Texture Techniques: Strie
It’s time to dive back into the world of textured painting. Textured paint techniques have been catapulted back into fashion due to their eye-catching, unique appearance and the “perfect imperfection” they display, tying in to the current design trend of Wabi Sabi. It’s bound to grab attention and it’s surprisingly easy to do, so let’s do it! Today we’re going to be looking at a technique with French origins; the strie technique.
What is Strie?
With its vertical or horizontal lines, the strie technique was developed to mimic the look of aged painting showing noticeable brush strokes after many years of wear. When vertical and horizontal strie strokes are combined, the technique can be used to mimic the look of linen, creating a softening effect for your walls. Like other “faux painting” techniques, strie painting is achieved with the help of glaze. In this case, the glaze is applied to the entire wall and then “dragged” off using a brush. This is why strie painting can also be known as “dragging”.
The Right Tools for the Right Job
Before you begin its important that you’re fully prepared for the job. Special strie brushes can be bought that are designed specifically for strie painting, but just about any brush will do the trick. Brushes with more fine bristles will create a more subtle effect, while a bolder, more noticeable look can be achieved with thicker, spaced brushes. Try practicing with a variety of different brushes on a test surface to figure out which works best for the style you want to achieve.
Picking your colours for strie painting is important, but there is plenty of room for creativity. Like colour washing, the best effect can be achieved by picking colours from the same colour group, creating a beautiful textured finish reminiscent of classic French décor. For best results, pick the colour you want for your walls and then choose a lighter shade that will be used as a base coat.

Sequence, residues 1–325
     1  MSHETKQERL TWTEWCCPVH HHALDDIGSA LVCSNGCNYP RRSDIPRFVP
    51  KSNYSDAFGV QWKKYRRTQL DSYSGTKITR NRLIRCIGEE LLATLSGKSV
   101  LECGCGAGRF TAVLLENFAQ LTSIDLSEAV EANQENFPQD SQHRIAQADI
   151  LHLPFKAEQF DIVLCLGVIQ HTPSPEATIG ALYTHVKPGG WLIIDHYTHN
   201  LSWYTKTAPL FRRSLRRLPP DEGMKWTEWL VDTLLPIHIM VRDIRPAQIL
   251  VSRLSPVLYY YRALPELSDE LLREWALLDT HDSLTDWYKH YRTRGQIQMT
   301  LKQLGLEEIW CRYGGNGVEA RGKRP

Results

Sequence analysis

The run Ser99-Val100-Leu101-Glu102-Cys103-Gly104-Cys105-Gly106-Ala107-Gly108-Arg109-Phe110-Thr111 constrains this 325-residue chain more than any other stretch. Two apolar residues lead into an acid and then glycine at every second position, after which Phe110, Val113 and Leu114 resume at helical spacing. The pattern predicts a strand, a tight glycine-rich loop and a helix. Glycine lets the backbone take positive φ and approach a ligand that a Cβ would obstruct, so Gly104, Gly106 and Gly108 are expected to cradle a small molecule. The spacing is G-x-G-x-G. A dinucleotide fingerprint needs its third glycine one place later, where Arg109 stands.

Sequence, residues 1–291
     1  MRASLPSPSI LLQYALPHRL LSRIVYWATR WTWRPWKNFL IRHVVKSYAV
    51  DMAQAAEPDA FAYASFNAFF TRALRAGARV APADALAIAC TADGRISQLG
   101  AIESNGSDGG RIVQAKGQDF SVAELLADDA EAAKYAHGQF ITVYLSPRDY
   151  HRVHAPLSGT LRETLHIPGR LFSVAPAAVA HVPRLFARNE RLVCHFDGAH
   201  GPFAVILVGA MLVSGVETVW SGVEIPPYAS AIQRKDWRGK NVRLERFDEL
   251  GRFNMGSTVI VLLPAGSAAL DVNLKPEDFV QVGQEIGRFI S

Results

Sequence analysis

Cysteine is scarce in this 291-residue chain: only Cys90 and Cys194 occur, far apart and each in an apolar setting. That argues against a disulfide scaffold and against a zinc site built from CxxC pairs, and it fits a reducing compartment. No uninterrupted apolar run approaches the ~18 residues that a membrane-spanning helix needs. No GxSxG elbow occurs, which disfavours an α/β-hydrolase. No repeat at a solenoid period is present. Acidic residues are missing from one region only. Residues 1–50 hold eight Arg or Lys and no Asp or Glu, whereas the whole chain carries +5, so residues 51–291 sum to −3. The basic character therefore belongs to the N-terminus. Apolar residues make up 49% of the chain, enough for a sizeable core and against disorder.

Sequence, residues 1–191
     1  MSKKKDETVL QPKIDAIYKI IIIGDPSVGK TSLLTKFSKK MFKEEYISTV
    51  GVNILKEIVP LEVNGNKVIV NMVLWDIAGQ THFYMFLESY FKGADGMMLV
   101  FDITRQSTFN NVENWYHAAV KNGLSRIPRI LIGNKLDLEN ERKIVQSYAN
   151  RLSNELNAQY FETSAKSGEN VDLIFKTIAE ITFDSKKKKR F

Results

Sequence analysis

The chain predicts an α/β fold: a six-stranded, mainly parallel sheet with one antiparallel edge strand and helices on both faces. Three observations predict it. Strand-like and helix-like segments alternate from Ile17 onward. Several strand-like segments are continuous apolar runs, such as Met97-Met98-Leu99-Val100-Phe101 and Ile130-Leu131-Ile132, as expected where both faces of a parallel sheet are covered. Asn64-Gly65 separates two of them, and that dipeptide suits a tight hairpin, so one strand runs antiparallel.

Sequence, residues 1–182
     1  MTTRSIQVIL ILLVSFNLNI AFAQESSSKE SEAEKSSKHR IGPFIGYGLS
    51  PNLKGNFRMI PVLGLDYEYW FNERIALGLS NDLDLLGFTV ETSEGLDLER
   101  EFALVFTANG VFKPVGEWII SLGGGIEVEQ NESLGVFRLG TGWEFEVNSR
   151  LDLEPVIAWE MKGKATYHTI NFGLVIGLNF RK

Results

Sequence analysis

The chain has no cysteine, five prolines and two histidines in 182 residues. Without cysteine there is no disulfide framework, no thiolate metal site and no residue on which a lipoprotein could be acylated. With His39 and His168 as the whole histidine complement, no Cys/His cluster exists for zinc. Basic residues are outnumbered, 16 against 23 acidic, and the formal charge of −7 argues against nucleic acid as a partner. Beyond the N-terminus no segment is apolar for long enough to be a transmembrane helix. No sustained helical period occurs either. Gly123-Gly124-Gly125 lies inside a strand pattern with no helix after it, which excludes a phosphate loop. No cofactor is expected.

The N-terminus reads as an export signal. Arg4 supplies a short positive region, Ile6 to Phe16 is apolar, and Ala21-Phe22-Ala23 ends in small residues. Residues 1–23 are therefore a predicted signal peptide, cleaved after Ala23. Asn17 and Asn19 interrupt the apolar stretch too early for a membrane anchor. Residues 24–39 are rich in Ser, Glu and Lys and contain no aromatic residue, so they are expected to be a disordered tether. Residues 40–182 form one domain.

Step One: Base Coat
First, you’ll want to paint a base coat layer with the lighter shade colour. Be sure to use painter’s tape to tape off skirting boards, trims etc. and lay a drop sheet on the floor. Use a roller and apply like painting a regular wall. Ensure the wall is fully covered, remembering to cut in at the edges.
Step Two: Top Layer
Mix your top layer colour with glaze as instructed on your tin, then roll the mixture onto a small section of wall. The paint needs to remain wet for this technique so only a section about a metre wide, floor to ceiling at a time. Using the dry brush of your choice, drag in a straight line down from the ceiling to the floor, creating the thin lines of the strie technique. Wipe your brush and repeat until your wall is complete. If you’re looking to combine both vertical and horizontal lines, simply repeat the process working horizontally once the vertical layer has dried. Either way, you’re certain to love your brand new Strie painted walls!